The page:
sesame street syndrome

Sure, Sesame Street taught all of us our letters and accompanying sounds. And who can forget "The Count?" Or "Monsterpeiece Theatre?" And honestly, isn't it about time that Elmo had his own blog?

But there's this theory in education (editor's note: The author's chosen profession in college was elementary education. Got pretty damn near a master's in it. Fairly early on she figured out it would be best for the kids if she bowed out.) Anyway, there's this theory that I'll call the Sesame Street Effect. It goes like this:

Sesame Street is produced in two-year-old-attention-span-long sound bites, as are many popular kiddie programs, and this only does not encourage the lengthening of attention spans, but actually harms it and keeps it short. Other more wholesome activities, like playing (translate: making a godforsaken mess) or say, painting (translate: twice as long to get the stuff out and clean up than the kid actually paints) actually encourage longer attention spans. (In whom, I was always skeptical.)

The same could be said of video games (I was on a site last night that was about video games and so much like video games... hard to explain, even for me. Each sentence was in a different color. Difficult to read, except if they eye is well-trained to follow electronic pulses, you know, like those that come from your basic PS2 game...)

Well, let me say that the whole thing reeked of Chicken or the Egg to me in college, and always has.

Now I think there might be something to it.

Take, for example, your basic novelist; novel in process.

Throw in a blog.

Or two.

Or ten.

I constantly extole the virtues of my blog. You, my audience, force me to write; the very format of the blog encourages me to write daily - which is a good thing. It has changed my life from my life into a medium (I used to be an artist, too) from which posts - The Written Word (holy grail of us writerly types) - are born.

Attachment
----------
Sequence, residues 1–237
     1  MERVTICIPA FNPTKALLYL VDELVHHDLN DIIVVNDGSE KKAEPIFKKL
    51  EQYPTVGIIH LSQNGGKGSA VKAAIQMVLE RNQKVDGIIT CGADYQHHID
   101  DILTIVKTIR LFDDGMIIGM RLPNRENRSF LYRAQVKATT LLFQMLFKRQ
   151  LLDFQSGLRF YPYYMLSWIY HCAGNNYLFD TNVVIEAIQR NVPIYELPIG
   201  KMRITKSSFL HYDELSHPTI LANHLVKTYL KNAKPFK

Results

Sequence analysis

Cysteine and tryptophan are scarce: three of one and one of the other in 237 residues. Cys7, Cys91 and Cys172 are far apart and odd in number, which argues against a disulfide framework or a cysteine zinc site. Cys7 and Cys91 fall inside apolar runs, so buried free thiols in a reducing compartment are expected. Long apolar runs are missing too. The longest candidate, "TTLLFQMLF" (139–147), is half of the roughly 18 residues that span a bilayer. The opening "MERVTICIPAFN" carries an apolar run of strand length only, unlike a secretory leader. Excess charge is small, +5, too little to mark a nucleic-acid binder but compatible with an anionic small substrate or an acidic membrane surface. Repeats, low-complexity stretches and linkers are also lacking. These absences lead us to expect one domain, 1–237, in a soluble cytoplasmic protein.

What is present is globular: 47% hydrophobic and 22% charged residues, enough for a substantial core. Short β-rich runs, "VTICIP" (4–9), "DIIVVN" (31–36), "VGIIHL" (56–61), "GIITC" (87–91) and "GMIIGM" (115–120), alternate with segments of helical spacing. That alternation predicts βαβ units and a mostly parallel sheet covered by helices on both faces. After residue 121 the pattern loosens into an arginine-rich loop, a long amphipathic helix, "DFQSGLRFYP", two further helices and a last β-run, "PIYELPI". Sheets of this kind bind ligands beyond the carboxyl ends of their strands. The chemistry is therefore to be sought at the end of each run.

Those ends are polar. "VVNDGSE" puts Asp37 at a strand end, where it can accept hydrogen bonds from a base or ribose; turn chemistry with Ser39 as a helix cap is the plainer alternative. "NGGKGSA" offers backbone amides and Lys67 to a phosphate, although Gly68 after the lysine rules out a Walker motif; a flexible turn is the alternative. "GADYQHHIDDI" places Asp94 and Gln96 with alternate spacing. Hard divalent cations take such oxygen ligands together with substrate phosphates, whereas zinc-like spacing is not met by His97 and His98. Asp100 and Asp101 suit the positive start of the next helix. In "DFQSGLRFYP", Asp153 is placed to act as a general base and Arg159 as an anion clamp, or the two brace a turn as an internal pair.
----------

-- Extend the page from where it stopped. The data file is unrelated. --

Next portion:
This is a Good Thing. However...

I currently have five Word files up right now, consisting of my second and third novels. It's a series, so I'm constantly referring back and forth.

What am I doing?

Writing my second post of the day.


Greg said...

Is there a correlation between the amount of alcohol you drink and the amount of parenthesis you use? Just a theory... this post seems rather sporadic and ADD-like, and if you pay attention closely, I think you may written more in parenthesis than in actual sentences. Not a criticism, just an observation. Anyways, if you have drifted far far away from sobriety on this fine night, cheers i say unto you.

GoodKing Alan said...

Greg just doesn't understand parenthesis are all about love. It's a hug for (special) words, they give so much character to a sentence..

On topic- The blogging has certainly helped me set a scene with writing. Reading others relate day to day events then sharing my own. It's definitely helped though I won't be showing my earlier "less fluid" writing any time soon.

sex scenes at starbucks said...

Yes, exactly. My parentheses are (hugs) and they mean that I love you, readers! Especially for comments. I'm the commentbox's bitch.

Jack said...

Elmo killed Sesame Street, and not only that he raped the dead body and threw into sewage. Ok, maybe not all that, but ever since the induction of "Elmo's World" Sesame Street has been declining in awesome. (I love awesome as a noun... ain't it great?) He turned the show from educational and fun to cutesy child pandering and iconic to indie kids. Anything iconic to indie kids is stupid by definition.

The show used to have one of the better attention-span-boosters of all childrens television programs, what with its plot structure and charecter development and what not. Then we entered the age of Teletubbies, in which all childrens programs had to conform to being benign and trite pieces about nothing at all, turning future generations into ignorami. I wholeheartedly encourage the teaching of children through other methods of learning than television, especially now, but I think it is still a medium that is important for children and can teach them very well, in moderation. Therefore, down with Teletubbies, down with Dora the Explora, down with whatever the fuck that show is with the floating balloon demons, and, most of all, FUCK ELMO!!!

Fire Faerie said...

I will forever be indebted to Sesame Street. Everytime one of my *smurfs* said, "I can't go to sleep! There's a monster in my closet." I would reply, "You lucky duck. Which one? Oscar, Cookie, or Elmo?" Turning monsters into compadres--that's either brilliant beyond description or morbidly twisted...either way, my kids were good sleepers.

T Kwong said...

What about parents that allow their kids to paint, but then clean up the mess?

I have resisted for some time, but I'm glad I started reading your blog. It is much in the way of hilarity.


pillowtalk said...
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pillowtalk said...
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sex scenes at starbucks said...

Jack... sweetie... you're depressed. Now go on to bed and have sweet dreams about you know what.

FF, yeah, yeah, yeah, your kids are good sleepers. They're perfect, period. And it ain't sesame street, it's YOU!

Thomas, you resisted moi?? Whatever for?? Well, glad to have you aboard.